Veterans who are currently dealing with disabilities related to their time in service are entitled to disability compensation from the Department of Veterans Affairs (VA). Often, these disabilities are the result of military work and related to a Veterans MOS. However, not all VA disabilities are directly related to working in the military.
Some illnesses may be the result of living conditions. For example, Veterans stationed at Camp Lejeune from the mid-1950s to the mid-1980s may have been exposed to contaminated drinking water on the base. Since they were stationed at Camp Lejeune, the VA is responsible for providing VA compensation for disabilities that were a result of the contaminated drinking water.
A recent House subcommittee hearing revealed that hundreds of military installations have been found to be contaminated with PFAS, mostly due to the use of a fire-fighting aqueous film-forming foam (AFFF) on its bases.
Evidence indicates that PFAS had been detected at 14 military installations that were above 1 million points per trillion. The Environmental Protection Agency recommends no more than 70 points per million. In 2001, a DOD memo concluded that the main ingredient in AFFF was “persistent, bioaccumulating and toxic.”
PFA stands for perfluoroalkyl and polyfluoroalkyl substances. PFAS have been linked to negative health outcomes including low infant birth weights, effects on the immune system, cancers, and thyroid hormone disruption. PFAS can accumulate in the body over time, from any number of different environments. However, if you were stationed on a base or exposed to AFFF over a long period of time, you may be entitled to service connection for any health effects sustained from prolonged exposure.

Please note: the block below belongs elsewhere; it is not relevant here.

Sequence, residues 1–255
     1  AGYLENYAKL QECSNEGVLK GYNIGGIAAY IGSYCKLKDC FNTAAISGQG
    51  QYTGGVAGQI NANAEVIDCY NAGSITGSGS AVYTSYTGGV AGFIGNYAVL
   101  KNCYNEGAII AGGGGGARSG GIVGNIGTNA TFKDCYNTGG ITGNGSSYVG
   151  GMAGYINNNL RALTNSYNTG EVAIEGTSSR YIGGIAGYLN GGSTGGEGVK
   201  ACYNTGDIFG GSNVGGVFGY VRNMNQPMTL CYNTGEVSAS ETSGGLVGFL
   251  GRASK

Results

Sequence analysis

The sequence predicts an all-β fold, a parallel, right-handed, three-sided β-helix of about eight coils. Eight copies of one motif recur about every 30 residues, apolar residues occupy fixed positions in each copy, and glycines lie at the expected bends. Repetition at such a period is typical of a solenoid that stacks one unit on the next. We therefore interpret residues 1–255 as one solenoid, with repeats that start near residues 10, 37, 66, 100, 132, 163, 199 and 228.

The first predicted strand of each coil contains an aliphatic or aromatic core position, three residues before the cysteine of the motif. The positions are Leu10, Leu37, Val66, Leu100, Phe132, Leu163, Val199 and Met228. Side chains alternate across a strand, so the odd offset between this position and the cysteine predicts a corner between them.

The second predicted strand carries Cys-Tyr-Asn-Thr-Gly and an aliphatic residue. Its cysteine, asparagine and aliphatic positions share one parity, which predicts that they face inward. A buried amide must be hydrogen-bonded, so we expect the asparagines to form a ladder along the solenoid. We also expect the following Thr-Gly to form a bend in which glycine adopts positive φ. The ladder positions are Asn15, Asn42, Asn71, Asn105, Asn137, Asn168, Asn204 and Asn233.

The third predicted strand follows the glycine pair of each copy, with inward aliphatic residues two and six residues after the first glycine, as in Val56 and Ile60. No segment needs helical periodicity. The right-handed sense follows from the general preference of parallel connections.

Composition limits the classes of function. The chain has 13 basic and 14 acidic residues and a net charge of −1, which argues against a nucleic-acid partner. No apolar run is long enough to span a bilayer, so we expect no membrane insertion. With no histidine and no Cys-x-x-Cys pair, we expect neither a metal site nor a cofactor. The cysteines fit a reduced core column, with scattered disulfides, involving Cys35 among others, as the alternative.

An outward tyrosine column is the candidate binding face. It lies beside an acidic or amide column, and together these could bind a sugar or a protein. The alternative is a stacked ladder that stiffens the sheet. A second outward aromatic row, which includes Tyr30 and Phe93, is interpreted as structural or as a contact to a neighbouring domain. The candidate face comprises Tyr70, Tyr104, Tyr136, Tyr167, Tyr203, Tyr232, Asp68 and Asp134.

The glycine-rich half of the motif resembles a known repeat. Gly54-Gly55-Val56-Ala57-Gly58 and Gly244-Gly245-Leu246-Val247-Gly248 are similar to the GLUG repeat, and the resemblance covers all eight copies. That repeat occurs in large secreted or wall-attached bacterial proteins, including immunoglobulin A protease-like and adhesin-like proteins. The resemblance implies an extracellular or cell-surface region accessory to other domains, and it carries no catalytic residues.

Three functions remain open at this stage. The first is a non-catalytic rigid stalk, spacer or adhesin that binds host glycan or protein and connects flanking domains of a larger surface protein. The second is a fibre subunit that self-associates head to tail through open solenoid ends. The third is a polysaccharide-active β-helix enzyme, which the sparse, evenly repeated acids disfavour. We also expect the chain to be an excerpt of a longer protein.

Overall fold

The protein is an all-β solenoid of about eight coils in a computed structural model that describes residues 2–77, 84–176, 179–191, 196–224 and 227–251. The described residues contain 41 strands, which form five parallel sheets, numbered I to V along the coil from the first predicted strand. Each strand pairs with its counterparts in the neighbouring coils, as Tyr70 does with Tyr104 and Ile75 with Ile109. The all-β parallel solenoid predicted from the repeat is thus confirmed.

As with any claim for service connection, you will need three things:
If you are concerned about the accumulation of PFAS, there are studies that will indicate what the level of PFAS is, but will not necessarily tell you whether the levels are safe or unsafe. Currently, the VA does not recommend blood tests for PFAS because nearly all people have some level of PFAS in their system. However, your local Environmental Health Coordinator may be able to provide information on health concerns you might have due to the exposure.
The VA currently evaluates disabilities related to possible PFAS exposure on a case-by-case basis. There are no presumptive illnesses related to PFAS exposure. In order to establish service connection, you will first need to show that you were exposed. You will then need to demonstrate that there is a connection between PFAS and your disability. A nexus letter from a doctor will be very helpful in this regard.
At Berry Law, we are dedicated to helping fellow Veterans get the disability compensation they deserve. If you were denied service connection for PFAS, Berry Law can help you appeal.
Our team features attorneys from all 4 branches of the military, and we are one of the nation’s largest Veterans law firms. We have helped over 10,000 Veterans successfully appeal unfavorable VA rating decisions. Contact Berry Law today for a free case evaluation.
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